BCD Failure

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Diving Dubai

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Link is broken…

They're having server issues right now. To fix a "broken link" substitute teh WWW of a URL with WEB
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Thus

https://www.scubaboard.com/community/threads/messed-up-and-ascended-like-a-missile.566953/page-8#post-8403115

Becomes

https://web.scubaboard.com/community/threads/messed-up-and-ascended-like-a-missile.566953/page-8#post-8403115

up and ascended like a missile
 

John C. Ratliff

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I have heard here that many times BCD attachments for the power inflator or the ORV have failed underwater, because they “unscrewed.” Well, believe it or not, this is a design failure. I seem to remember that some of the old valves had a set screw that was screwed into the valve when it was tight, at the factory. This precluded the fitting from unscrewing until the set screw was removed. Apparently, this has been left off on current designs.

Now, think of a regulator which would unscrew itself while underwater! That would not be allowed, and would be recalled quickly. I remember a Dacor recall for a piece of the purge button that could come apart, and that warranted recalling the regulators and making it right.

Why not the same with the BCDs?

SeaRat
 

BlueTrin

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.
 

Catito

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They're having server issues right now. To fix a "broken link" substitute teh WWW of a URL with WEB
and it should work

Thus

https://www.scubaboard.com/community/threads/messed-up-and-ascended-like-a-missile.566953/page-8#post-8403115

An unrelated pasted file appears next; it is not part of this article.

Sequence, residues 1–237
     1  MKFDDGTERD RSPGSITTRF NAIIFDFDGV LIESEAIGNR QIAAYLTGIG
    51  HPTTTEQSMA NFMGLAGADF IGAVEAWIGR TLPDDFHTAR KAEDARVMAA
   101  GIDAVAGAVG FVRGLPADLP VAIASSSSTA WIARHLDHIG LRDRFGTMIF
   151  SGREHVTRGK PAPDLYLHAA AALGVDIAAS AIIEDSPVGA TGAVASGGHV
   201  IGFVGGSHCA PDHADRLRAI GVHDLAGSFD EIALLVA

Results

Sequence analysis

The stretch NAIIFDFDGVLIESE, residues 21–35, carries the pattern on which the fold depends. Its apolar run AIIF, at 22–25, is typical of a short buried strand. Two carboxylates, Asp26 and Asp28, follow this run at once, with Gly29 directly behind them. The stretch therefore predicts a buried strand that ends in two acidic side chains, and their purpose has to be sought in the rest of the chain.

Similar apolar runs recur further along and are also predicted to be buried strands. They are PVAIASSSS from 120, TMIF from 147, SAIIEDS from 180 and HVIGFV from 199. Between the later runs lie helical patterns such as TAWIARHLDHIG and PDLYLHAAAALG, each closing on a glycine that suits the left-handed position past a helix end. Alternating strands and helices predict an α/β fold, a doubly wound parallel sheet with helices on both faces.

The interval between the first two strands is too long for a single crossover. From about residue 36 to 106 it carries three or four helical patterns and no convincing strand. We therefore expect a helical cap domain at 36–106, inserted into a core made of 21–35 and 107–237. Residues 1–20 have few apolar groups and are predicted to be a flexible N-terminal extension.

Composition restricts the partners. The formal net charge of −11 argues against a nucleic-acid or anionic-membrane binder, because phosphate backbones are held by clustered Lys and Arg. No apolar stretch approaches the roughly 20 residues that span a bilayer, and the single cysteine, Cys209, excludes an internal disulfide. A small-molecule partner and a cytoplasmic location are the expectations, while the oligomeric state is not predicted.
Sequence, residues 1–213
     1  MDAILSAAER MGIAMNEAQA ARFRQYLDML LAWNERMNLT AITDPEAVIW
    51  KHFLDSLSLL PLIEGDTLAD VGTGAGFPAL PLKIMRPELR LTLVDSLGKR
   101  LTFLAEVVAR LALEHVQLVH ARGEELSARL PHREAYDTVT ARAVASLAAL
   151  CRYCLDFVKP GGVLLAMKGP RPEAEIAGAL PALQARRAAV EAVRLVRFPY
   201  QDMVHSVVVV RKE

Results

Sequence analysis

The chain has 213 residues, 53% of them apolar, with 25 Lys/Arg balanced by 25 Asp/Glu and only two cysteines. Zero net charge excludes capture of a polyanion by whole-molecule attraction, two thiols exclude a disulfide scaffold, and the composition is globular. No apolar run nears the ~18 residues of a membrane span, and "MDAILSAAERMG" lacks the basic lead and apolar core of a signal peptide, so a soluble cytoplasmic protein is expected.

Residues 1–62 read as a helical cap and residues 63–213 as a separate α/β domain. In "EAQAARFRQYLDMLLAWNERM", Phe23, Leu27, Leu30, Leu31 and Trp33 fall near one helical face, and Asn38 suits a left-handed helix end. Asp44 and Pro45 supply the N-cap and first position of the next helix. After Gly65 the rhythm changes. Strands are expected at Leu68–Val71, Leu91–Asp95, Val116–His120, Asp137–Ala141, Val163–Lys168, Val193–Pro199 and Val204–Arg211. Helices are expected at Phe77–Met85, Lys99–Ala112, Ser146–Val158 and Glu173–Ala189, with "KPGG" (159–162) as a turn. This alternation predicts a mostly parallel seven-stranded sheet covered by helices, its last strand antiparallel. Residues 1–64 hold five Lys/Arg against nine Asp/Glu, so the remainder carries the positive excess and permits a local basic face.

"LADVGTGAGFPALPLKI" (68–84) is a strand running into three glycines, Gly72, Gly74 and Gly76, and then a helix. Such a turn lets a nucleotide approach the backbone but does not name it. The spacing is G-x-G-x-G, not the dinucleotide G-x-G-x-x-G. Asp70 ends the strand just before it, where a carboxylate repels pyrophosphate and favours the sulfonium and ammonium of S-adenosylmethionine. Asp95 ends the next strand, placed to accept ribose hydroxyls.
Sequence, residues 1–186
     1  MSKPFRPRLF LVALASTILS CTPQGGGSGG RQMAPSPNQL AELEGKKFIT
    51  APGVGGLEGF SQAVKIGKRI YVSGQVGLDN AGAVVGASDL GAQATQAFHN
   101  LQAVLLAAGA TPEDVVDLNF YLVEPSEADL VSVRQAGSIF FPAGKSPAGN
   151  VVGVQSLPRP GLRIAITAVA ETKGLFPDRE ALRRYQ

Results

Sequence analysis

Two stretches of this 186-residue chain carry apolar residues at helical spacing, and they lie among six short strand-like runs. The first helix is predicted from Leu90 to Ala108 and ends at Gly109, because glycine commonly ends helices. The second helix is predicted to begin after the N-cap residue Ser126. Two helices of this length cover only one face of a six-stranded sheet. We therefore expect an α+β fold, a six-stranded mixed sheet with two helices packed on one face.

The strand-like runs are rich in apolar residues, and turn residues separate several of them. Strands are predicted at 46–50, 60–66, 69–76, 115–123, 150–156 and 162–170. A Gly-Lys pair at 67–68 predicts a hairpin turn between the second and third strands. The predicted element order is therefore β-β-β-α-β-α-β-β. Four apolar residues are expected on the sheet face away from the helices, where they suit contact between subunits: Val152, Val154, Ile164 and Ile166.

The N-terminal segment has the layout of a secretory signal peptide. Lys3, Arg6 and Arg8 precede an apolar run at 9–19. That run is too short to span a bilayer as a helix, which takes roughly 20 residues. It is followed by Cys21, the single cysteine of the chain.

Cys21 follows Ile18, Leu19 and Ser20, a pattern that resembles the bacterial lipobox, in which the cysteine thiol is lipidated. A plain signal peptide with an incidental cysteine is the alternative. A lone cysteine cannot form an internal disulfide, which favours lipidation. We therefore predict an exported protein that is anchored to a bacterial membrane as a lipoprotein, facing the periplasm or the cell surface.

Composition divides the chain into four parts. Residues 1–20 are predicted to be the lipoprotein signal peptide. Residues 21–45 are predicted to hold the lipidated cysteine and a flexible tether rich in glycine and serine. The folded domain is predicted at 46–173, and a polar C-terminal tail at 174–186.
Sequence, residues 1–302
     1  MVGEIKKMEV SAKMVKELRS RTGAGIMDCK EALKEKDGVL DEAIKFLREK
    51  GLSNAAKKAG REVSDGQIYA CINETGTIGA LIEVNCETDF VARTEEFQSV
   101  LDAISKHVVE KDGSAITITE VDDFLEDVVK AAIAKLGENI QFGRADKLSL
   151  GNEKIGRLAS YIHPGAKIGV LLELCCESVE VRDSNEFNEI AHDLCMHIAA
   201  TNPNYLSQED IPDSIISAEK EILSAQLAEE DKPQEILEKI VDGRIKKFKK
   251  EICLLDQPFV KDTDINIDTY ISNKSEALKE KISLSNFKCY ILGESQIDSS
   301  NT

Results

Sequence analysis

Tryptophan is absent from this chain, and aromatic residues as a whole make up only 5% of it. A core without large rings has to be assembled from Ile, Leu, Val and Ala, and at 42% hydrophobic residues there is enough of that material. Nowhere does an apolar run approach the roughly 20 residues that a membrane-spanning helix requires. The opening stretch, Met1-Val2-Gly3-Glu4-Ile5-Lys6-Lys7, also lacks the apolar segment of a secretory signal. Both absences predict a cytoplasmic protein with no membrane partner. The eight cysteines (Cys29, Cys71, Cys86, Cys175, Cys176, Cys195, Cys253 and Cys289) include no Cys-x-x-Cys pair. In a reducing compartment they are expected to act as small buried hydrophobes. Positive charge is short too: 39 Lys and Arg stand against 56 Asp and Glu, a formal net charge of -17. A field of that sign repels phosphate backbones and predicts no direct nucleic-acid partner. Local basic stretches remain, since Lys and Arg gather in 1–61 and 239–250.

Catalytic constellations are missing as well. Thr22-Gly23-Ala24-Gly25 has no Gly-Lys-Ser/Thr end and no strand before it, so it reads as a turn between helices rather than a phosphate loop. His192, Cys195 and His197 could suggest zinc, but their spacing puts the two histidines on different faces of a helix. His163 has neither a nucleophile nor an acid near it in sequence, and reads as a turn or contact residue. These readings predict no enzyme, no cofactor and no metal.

Becomes

https://web.scubaboard.com/community/threads/messed-up-and-ascended-like-a-missile.566953/page-8#post-8403115

up and ascended like a missile

Thank you
 

CT-Rich

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The simplest solution is almost always the best. Dumping lead was his safest option to stay at the surface and get on the boat. A couple of minutes dicking around with a DSMB may have put him out of reach of the the boat, making the situation worse not better.

Situations like this are a judgement call for the diver. He got to pick a solution that put him on the surface and back in the boat. He could have chosen the DSMB route, but didn’t.

Lead is cheap, and dropping it is the fastest way to de-escalate a situation on the surface. If you are comfortable getting out your DSMB and orally inflating it, by all means, but second guessing a diver’s decision when he got out of the water alive isn’t fair. I was just reading about a diver who was lost 30 miles out. It’s not 100% clear whether he made it to the surface or not (his body washed ashore), but it would suck to end up out of reach of the boat because you were trying avoid dropping $50 of lead.
 

Diving Dubai

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Well, believe it or not, this is a design failure
It really isn’t

It’s a failure to carry out the most basic Pre use checks and then Pre dive checks

I remove my inflator hose and dumps regularly to clean my BCD’s and wings. There’s a fair amount of built in resistance on the threads. I’ve never found one loose Pre dive, and I only tighten them finger tight